The press freedom advocacy organization, The Committee to Protect Journalists, has called Iran “the world’s worst jailer” of journalists, with dozens behind bars. The Committee has also ranked Iran number four on its list of the most censored countries in the world. Now the Iranian regime has added to its discreditable reputation by summoning journalist and human rights defender Narges Mohammadi to prison.
Ms. Mohammadi, who has long championed women’s rights, was also a spokesperson for Nobel peace laureate Shirin Ebadi’s now-banned Center for Human Rights Defenders.
Originally arrested in June 2010, Ms. Mohammadi became seriously ill in prison after being held in solitary confinement, and was provisionally released in July 2010. In October 2011, she was sentenced to 11 years on charges of “collusion against national security,” “membership in the Defenders of Human Rights Center,” and “propagating against the regime.” The sentence was eventually reduced to six years, but she had remained out of prison while her case was on appeal.
At a recent press briefing, U.S. Under Secretary of State for Public Diplomacy Tara Sonenshine stressed the critical role of journalists and press freedom for healthy communities: “Media freedom is the moral equivalent of oxygen,” she said. “It is how society breathes, and it is a key pillar of building civil societies.”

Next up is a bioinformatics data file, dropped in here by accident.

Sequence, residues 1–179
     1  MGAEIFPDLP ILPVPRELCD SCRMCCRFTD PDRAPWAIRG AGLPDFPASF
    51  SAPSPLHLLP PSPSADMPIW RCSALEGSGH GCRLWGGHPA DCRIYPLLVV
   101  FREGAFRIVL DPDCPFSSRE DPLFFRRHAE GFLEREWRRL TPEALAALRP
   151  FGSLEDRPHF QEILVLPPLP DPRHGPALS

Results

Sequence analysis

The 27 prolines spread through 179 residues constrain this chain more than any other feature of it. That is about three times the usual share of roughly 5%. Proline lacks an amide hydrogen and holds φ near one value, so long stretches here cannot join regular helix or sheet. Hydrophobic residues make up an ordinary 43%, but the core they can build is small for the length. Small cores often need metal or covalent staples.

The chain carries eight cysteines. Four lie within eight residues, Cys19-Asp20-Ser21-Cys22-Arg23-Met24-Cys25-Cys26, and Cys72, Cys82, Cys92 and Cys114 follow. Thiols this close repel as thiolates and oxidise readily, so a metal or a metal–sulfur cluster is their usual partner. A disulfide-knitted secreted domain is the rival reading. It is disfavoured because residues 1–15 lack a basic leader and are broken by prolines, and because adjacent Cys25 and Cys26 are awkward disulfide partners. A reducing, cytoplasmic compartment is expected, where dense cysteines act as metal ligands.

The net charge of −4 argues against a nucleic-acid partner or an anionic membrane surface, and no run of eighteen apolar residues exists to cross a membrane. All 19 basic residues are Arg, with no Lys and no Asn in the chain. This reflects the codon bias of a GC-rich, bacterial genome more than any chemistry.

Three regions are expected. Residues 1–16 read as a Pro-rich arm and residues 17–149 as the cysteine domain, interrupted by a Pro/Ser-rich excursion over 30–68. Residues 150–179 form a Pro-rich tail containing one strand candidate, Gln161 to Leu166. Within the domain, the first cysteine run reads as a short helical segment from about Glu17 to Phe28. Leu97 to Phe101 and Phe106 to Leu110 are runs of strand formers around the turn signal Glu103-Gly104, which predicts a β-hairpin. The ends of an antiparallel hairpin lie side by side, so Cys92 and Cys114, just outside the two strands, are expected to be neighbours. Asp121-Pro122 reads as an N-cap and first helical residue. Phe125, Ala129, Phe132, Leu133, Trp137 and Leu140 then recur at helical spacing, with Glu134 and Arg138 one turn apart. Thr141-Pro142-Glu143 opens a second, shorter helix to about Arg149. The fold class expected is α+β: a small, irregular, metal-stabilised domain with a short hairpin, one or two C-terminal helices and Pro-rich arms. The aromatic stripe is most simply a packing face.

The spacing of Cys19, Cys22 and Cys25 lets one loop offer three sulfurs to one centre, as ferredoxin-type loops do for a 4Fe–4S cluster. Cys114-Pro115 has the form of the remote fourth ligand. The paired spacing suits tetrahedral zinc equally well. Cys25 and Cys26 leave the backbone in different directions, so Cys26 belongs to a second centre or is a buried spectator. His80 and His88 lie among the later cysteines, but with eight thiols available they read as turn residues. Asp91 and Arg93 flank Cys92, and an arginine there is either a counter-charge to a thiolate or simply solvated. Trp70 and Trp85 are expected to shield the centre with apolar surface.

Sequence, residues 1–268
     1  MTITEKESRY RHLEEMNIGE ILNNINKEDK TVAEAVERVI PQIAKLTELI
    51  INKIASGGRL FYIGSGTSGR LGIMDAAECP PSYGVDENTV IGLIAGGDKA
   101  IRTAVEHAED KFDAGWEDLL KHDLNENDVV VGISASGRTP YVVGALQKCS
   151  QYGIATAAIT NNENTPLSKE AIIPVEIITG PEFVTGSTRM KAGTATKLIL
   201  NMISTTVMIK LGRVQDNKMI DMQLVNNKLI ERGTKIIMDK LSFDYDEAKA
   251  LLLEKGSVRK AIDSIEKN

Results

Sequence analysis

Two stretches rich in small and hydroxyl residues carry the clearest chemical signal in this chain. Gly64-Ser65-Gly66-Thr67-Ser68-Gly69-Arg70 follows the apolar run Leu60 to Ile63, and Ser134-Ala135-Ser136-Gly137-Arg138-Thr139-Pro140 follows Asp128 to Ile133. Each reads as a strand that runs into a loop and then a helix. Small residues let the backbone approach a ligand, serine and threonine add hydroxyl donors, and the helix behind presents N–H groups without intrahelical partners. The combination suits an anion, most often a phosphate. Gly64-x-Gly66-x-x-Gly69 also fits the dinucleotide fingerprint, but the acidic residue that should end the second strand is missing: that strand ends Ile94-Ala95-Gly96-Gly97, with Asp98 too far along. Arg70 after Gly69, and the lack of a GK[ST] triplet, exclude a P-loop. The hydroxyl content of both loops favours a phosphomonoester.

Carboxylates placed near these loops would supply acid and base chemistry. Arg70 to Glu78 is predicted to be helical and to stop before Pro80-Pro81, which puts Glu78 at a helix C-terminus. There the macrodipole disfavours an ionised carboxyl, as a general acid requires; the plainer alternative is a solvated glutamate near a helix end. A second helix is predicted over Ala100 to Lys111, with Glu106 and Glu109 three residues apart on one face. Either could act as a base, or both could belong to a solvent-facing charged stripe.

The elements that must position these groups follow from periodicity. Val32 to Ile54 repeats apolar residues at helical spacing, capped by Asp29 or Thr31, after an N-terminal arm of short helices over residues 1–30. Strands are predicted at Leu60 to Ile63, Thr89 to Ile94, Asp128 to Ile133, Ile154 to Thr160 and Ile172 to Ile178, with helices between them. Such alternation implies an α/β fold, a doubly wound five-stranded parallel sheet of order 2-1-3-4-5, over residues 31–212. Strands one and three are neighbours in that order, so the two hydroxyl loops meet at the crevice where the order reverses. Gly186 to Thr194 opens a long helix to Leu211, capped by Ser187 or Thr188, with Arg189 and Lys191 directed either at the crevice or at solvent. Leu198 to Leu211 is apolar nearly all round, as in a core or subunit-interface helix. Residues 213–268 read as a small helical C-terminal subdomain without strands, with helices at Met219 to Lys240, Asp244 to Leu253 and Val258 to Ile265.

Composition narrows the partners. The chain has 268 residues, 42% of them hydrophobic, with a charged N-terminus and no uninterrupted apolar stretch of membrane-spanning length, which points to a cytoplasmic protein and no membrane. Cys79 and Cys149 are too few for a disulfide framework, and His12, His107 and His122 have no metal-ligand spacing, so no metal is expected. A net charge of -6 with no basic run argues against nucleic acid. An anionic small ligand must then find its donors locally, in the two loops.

Iran, like all countries around the world, needs that oxygen, and Iranian journalists and civil society activists, like Narges Mohammadi, are being suffocated for their efforts. Her plight and that of the dozens of other journalists languishing in Iranian prisoners demonstrate that journalism is, as Secretary of State Hillary Clinton has said, “the calling of everyday heroes.”
And the United States, said Secretary Clinton, “will continue to stand up for those who speak in perilous circumstances as they pursue, record and report the truth.”